FIG. 18B shows a half-piece (i.e., a single elastomeric dome). The small circles around the perimeter of the elastomeric dome piece shown in FIGS. 18A and 18B indicate holes for placing the elastomeric dome piece over the pins illustrated, for example, in FIG. 17F, pin 1701.

FIG. 18C shows a view of the elastomeric dome piece with associated dimensions in inches, as well as, the section lines for sections A—A (FIG. 18D) and B—B (FIG. 18E).

The shape of each elastomeric dome is typically such that when it is fully compressed (i.e., by pressing the hinged top and bottom components together to the point of contact) each compressed dome extends to the edges of the gel into which it comes in contact. In this case, the center lines of each sensor, the center lines of each gel, and the center lines of each dome are aligned.

FIGS. 19A-C present illustrations of the elastomeric dome piece retaining ring. FIG. 19A shows the retaining ring. The small circles around the perimeter of the retaining ring indicate holes for placing the retaining ring over the pins illustrated, for example, in FIG. 17F, pin 1701, after the elastomeric dome piece has been put in place (e.g., see FIG. 16A). FIG. 19B shows a view of the retaining ring with associated dimensions in inches, as well as, the section lines for section A—A (FIG. 19C).

FIGS. 20A-F present illustrations of the bottom of the press device. FIG. 20A presents a view of the inside of the bottom component of the device with associated dimensions in inches as well as the lines for cross sections A—A (shown in FIG. 20D) and B—B (shown in FIG. 20E). FIG. 20B shows a side view of the bottom component of the press device. FIG. 20C shows an end view of the bottom component of the press device. FIG. 20F shows an isometric view of the bottom component of the press device, as well as, a detail of an interior configuration. In FIG. 20F two pins are shown 2001 that serve to retain a solid support for the gel and sensor in the proper orientation relative to the elastomeric domes of the elastomeric dome piece. When such pins correspond to two similar holes in the solid support (e.g., see FIG. 27, holes indicated at 2706) the pins can provide an asymmetry that insures that the solid support (e.g., 2704, FIG. 27) is placed in the press device in the proper orientation. The solid support typically rests on the area generally indicated at 2007, FIG. 20F (including the two cylindrical-like structures). The edges of the bottom component generally indicated at 2003 and 2005 serve to maintain the solid support of the gel/sensor in the proper orientation relative to the elastomeric domes of the elastomeric dome piece and to prevent unnecessary movement of the solid support when pressure is being applied to the device. Both the pins 2001 and the edges 2003 and 2005 are examples of immobilization means used to keep the gel/sensor assembly substantially immobile during the application of pressure.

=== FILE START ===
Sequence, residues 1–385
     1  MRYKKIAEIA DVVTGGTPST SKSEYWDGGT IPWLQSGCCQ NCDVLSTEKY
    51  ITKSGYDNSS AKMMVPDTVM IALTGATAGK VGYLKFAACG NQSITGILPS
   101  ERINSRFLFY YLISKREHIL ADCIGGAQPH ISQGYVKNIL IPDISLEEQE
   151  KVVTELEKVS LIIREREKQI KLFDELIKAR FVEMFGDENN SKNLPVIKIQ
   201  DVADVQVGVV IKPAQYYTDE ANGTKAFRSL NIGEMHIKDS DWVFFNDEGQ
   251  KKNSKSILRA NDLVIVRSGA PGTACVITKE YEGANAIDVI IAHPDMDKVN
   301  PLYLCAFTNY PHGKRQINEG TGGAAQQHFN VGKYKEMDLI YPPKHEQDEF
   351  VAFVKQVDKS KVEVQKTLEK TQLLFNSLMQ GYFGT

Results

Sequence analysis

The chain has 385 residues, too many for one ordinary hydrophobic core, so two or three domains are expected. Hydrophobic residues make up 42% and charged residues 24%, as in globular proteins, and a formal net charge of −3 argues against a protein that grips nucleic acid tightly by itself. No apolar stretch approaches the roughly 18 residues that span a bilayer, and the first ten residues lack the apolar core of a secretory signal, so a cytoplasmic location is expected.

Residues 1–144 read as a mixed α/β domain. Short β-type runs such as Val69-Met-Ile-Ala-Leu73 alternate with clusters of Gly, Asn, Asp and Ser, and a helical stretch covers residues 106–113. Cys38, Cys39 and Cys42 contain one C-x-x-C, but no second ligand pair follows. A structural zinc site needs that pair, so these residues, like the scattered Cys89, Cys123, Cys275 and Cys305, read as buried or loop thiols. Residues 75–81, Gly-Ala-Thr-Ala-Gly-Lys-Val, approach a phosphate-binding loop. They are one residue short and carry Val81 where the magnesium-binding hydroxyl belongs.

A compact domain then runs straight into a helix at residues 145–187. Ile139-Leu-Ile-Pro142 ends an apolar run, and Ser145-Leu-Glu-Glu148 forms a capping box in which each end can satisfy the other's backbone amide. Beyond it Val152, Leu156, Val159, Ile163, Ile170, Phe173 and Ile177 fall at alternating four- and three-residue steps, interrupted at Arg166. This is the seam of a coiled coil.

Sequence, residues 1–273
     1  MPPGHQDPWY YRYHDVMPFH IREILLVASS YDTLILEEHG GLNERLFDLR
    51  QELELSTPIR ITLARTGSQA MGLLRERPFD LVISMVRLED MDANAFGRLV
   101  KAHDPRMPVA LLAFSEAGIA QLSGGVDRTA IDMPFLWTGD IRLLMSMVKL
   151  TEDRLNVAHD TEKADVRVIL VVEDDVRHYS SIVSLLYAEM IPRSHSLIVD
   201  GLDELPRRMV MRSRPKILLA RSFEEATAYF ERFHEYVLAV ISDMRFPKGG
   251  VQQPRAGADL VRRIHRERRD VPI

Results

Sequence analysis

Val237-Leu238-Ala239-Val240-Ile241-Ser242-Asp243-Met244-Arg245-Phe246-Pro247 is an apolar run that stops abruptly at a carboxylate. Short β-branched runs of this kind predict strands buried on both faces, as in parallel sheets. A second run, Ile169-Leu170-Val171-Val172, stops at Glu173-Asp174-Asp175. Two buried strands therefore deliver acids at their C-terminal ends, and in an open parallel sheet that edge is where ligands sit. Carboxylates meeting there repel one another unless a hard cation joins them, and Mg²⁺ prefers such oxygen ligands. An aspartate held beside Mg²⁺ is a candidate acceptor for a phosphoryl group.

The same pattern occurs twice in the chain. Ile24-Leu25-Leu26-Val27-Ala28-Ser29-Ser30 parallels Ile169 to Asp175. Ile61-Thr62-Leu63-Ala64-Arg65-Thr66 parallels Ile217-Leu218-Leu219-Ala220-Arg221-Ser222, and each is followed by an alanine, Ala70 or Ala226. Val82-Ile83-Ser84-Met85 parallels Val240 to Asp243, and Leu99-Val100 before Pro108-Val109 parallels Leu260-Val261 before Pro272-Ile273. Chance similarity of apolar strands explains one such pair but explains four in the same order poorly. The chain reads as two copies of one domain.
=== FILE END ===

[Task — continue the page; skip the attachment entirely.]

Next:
FIGS. 21A-D present illustrations of a latch pin involved in creating hinge means to connect the top and bottom components of the press device. FIG. 21A shows a view of the latch pin including two prongs with ends adapted to snap into, or lock with, the pivot pin described below. FIG. 21B provides a side view of the latch pin. FIGS. 21C and 21D show drawings of the latch pin indicating dimensions. The “CL” in FIG. 21C represents the “center line.”